Left Ventricular Hemodynamics in Exercise-Induced Angina Pectoris
The sequence of events characterizing the onset and course of exercise-induced angina pectoris was studied in 10 patients with ischemic heart disease during cardiac catheterization. Exercise produced a precipitous rise in left ventricular end-diastolic pressure prior to the onset of angina and electrocardiographic ischemia. A corresponding abnormal increase in pulmonary artery pressure occurred. Cardiac output increased commensurate with the degree of exertion and was accompanied by a slight reduction in stroke volume. Left ventricular work and stroke work paralleled the changes in cardiac output and stroke volume. Determinants of myocardial oxygen consumption, that is, heart rate, left ventricular systolic pressure, and left ventricular first derivative, were monitored continuously and noted to increase by 43%, 20%, and 38%, respectively, prior to angina. Ischemic ST-segment depression corresponded closely in time with angina. Angina and electrocardiographic and hemodynamic abnormalities persisted throughout exercise. Two minutes after exercise, hemodynamic values returned to normal along with a reduction in intensity of angina; ST-segment abnormalities persisted until 4 minutes after exercise. Pathophysiological mechanisms occurring during angina are described, and differences from typical heart failure are discussed.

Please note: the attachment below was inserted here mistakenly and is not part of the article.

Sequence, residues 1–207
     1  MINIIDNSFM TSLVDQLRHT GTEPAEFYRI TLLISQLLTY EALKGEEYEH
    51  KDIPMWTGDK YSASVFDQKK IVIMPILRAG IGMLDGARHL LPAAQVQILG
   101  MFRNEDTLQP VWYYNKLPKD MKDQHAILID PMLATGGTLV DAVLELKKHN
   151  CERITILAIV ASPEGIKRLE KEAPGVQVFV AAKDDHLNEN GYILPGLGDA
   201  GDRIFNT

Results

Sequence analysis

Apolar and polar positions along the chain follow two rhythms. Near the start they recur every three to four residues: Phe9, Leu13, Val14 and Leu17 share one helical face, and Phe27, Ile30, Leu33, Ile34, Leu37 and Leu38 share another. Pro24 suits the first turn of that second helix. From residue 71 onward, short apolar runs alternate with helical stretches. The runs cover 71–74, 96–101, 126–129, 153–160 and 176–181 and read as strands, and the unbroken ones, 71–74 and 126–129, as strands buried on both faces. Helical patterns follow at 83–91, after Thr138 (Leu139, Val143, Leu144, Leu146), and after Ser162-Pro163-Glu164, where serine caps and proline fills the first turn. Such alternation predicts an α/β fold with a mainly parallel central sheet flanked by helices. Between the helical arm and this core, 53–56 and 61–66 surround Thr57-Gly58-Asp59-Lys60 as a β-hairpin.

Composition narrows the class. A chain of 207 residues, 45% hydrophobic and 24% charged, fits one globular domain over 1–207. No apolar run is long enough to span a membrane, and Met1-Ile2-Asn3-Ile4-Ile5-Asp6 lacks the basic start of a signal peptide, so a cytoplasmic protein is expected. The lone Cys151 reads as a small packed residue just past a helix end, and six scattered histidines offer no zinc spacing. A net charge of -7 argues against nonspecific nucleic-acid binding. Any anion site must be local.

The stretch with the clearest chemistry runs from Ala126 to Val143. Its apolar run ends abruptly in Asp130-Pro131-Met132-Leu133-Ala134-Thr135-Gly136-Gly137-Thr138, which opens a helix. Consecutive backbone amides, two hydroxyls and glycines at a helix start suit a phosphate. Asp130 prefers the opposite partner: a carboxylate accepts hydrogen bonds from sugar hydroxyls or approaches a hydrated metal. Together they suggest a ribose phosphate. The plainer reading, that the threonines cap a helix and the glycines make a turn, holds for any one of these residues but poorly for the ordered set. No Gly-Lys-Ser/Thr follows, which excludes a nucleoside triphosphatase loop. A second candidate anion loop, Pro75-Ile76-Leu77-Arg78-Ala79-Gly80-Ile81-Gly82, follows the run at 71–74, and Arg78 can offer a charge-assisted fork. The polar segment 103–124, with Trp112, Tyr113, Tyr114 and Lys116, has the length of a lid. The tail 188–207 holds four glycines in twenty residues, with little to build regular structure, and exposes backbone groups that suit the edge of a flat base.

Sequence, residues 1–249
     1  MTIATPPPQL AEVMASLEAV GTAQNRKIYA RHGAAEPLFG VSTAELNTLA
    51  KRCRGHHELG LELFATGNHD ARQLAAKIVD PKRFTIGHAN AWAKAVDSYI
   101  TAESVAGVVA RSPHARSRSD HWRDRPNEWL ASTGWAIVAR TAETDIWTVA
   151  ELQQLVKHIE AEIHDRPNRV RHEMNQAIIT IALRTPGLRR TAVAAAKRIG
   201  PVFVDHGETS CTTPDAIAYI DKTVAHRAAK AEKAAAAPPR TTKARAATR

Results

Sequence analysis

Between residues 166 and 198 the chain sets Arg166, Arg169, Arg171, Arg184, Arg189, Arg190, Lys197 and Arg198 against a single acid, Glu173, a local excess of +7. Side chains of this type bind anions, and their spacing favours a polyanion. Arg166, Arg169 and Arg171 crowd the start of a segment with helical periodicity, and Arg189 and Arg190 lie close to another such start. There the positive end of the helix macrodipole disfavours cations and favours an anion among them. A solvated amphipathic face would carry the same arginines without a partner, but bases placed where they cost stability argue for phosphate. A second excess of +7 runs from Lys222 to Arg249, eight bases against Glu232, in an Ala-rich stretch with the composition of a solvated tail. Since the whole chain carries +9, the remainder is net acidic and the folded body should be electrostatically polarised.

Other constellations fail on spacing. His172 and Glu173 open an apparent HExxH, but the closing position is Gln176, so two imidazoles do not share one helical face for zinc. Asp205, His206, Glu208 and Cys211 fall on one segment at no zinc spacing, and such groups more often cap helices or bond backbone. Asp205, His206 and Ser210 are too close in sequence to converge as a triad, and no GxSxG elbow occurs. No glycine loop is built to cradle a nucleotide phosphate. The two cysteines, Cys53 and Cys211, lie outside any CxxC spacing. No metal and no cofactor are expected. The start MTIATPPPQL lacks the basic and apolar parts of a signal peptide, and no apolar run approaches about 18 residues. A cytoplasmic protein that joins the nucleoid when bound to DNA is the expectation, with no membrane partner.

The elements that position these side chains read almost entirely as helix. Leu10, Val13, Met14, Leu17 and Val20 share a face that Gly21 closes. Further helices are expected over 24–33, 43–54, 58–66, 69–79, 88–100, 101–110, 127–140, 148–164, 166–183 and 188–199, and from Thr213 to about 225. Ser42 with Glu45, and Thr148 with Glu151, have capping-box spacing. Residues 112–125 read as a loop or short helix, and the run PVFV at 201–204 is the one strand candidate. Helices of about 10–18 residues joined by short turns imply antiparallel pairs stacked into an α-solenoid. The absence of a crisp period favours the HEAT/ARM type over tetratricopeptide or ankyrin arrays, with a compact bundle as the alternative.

- © 1968 American Heart Association, Inc.